Eight hours into Thursday’s marathon hearing on the controversial “Stop Online Piracy Act” not a single amendment proposed by the bill’s critics in Congress had been passed.
In fact, at the time of this posting, all of the amendments introduced by House lawmakers designed to improve the legislation for critics have so far been voted down by a core of SOPA-supporters in the House Judiciary Committee, moving the controversial bill closer toward passage.
The slog was briefly bogged down even further by an unintentionally ironic controversy of decorum involving a tweet sent by Rep. Steve King (R-IA) disparaging Rep. Sheila Jackson-Lee (D-TX), reading “We are debating the Stop Online Piracy Act and Sheila Jackson has so bored me I’m killing time by surfing the Internet.”
Rep. Jackson-Lee admonished King in front of the committee, asking for him to apologize and saying she had “not heard of his ability multitask before,” but that his tweet was “offensive.” After a 20-minute period of bickering, Jackson-Lee was persuaded by colleagues to strike her use of the word “offensive” from the record.
One of the major amendments designed to improve the anti-piracy legislation came in the form of a substitution from Rep. Darrell Issa (R-CA), who sought to replace SOPA with the OPEN Act he drafted in conjunction with Sen. Ron Wyden (D-OR), which would shift the power of cracking down on online piracy to the International Trade Commission, rather than the U.S. Attorney General, as SOPA calls for. The bill was voted down 22 “nays” and 12 “yays.”
Another amendment that was voted down was proposed by Rep. Zoe Lofgren (D-CA). It would have allowed ISPs to refuse takedown notices that would interfere with the security of the Domain Name System (DNS).
That bill was voted down despite the nearly hoarse pleas from Rep. Issa and another SOPA-opponent, Rep. Jared Polis (D-CO), the only member of the committee with any online technical experience.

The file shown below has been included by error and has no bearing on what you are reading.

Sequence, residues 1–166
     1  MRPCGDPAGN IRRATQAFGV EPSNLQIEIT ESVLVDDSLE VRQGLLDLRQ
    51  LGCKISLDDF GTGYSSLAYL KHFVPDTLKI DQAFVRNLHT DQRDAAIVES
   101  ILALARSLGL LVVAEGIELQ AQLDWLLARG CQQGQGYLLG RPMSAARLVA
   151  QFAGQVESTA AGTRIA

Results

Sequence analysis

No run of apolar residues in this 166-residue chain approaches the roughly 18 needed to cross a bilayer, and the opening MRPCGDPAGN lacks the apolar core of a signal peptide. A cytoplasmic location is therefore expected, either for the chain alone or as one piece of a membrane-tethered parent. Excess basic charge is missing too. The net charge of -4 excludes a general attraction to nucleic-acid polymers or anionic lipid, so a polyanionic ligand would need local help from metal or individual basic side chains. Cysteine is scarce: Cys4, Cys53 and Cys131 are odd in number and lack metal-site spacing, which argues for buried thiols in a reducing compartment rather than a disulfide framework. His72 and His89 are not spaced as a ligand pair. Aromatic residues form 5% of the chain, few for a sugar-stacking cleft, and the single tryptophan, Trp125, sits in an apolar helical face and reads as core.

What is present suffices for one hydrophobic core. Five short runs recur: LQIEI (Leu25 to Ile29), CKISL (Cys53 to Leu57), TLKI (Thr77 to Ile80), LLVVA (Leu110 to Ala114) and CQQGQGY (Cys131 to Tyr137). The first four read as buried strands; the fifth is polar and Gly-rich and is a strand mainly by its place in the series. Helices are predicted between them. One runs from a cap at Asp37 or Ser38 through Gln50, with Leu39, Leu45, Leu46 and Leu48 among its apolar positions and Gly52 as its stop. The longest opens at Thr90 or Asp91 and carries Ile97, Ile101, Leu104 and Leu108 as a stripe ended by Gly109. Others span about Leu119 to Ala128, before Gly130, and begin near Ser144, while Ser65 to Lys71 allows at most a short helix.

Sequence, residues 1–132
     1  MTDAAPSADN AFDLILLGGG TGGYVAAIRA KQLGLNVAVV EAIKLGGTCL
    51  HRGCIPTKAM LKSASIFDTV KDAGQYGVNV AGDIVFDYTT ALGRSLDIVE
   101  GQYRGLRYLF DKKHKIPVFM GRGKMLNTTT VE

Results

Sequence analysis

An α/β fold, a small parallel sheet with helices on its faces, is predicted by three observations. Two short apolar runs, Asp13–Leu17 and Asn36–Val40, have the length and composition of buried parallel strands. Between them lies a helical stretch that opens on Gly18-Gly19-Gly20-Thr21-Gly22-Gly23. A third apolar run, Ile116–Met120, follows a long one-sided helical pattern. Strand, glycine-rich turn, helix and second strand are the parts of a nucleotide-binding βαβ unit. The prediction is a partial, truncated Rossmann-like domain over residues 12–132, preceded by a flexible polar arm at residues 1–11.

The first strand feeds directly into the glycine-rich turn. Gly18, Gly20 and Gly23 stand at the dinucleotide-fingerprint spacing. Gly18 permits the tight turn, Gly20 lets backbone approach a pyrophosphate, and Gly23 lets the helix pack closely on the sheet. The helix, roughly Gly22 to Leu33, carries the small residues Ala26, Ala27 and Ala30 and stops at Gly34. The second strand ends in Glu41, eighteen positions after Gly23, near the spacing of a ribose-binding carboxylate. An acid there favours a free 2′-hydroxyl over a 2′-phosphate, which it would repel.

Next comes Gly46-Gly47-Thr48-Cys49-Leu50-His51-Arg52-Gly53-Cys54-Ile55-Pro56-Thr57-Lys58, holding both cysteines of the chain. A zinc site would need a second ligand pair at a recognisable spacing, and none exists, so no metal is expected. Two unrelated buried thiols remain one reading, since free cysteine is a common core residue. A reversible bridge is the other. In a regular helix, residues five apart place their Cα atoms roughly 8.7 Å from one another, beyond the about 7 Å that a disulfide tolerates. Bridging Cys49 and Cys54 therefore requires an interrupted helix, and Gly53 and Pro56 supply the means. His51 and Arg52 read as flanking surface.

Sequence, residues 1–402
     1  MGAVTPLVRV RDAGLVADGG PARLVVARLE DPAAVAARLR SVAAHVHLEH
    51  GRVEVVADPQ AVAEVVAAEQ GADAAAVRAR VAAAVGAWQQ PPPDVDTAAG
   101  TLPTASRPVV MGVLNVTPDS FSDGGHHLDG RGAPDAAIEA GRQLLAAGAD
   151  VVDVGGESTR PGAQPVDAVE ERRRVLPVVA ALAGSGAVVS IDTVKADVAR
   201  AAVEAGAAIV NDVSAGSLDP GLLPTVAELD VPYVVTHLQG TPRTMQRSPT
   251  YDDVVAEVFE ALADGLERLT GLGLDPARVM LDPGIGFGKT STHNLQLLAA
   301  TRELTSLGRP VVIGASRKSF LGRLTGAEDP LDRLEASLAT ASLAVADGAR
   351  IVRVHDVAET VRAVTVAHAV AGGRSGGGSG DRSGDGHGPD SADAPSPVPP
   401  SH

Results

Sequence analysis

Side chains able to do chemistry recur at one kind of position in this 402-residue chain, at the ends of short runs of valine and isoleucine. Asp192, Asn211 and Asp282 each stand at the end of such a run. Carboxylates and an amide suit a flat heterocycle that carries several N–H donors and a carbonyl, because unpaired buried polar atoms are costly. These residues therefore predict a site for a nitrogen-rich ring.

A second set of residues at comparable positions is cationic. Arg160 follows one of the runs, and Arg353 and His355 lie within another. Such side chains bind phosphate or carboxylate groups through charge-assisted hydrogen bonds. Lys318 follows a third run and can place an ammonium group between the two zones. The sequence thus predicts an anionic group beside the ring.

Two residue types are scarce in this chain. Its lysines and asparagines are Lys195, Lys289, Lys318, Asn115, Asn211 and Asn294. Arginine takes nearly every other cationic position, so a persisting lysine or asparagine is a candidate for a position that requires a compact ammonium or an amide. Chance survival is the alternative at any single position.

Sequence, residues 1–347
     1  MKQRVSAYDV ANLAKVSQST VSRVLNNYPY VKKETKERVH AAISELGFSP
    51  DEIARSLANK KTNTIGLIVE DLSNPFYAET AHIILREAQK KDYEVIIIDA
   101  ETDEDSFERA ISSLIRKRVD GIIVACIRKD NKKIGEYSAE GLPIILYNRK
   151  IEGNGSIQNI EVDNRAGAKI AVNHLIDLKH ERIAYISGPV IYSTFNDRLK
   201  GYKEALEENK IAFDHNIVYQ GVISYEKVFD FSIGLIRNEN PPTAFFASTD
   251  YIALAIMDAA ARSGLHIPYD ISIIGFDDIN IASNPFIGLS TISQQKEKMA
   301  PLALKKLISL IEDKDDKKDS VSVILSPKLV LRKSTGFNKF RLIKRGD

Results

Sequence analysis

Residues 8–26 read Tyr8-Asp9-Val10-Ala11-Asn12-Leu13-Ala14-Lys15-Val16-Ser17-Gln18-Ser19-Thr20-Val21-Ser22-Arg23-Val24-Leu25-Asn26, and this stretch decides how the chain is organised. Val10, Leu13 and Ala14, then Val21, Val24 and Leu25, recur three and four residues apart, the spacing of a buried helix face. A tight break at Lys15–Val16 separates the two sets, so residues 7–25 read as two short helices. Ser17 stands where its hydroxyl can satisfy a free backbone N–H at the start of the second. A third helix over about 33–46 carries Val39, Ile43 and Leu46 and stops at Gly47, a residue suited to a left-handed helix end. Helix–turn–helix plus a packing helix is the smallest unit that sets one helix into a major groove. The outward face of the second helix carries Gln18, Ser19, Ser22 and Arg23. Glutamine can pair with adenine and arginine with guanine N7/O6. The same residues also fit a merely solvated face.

“I would hope that this clarity would have strong bipartisan support,” said Polis, “It seems to me to be reasonable and safe.”
Issa asked the hearing’s leader and SOPA architect Chairman Rep. Lamar Smith (R-TX), why he wouldn’t support Lofgren’s amendment.
“If you could not accept this amendment, what amendment could you accept?” Issa asked.
Smith countered that Lofgren’s amendment would undermine the core of the legislation and said that there were amendments among the 50 or so remaining that he would support.
But Smith didn’t pass those amendments, either, instead asking that they be withdrawn and re-submitted for consideration after conference with his staff on how to make them acceptable to his core legislation.
Those amendments included one proposed by outspoken SOPA critic Rep. Jason Chaffetz (R-UT) that would restrict SOPA’s enforcement authority to the U.S. Attorney General or his immediate subordinates, prohibiting him from delegating it to anyone else and thus limiting the power to crackdown on pirate websites.
Smith also persuaded Rep. Lofgren to withdraw and re-submit another amendment that would remove from SOPA the requirement that an ISP block the Domain Name Resolution a foreign infringing website.
Lofgren pointed out that there are several simple methods for users to circumvent blocked Domain Name Resolutions, including typing in the actual IP address of the website or using proxy servers.
While Smith conceded that Lofgren raised good points, he encouraged her to re-submit after working with his office. Lofgren grudgingly, warily accepted noting her reservation.
“The last time I did that, during the patent reform legislation, I wasn’t contacted to work on the amendment,” Lofgren said.
Other amendments proposed by Polis, Issa and Lofgren designed respectively to: restrict SOPA from using taxpayer money to go after copyright-infringing online pornography; to remove from SOPA language that would require search engines to take down links to foreign websites; and to protect websites with user-generated content, were also handedly voted down by the Committee.
All of these amendments proposed and voted down would have improved SOPA, according to numerous critics in the House.
But with a bipartisan core of about 22 members of the 39-member House Judiciary Committee generally voting down all the amendments that critics sought, it seems as though passage of SOPA, while slow-going, is likely.
Just after 6:30 p.m., Chairman Smith steeled lawmakers for a long, laborious night of mark-ups.
“I’ve been asked two recurring questions about this hearing,” Smith said. “How late are we going and will dinner be provided. The answer is late and yes.”
The hearing resumes again on Friday morning. Stay tuned.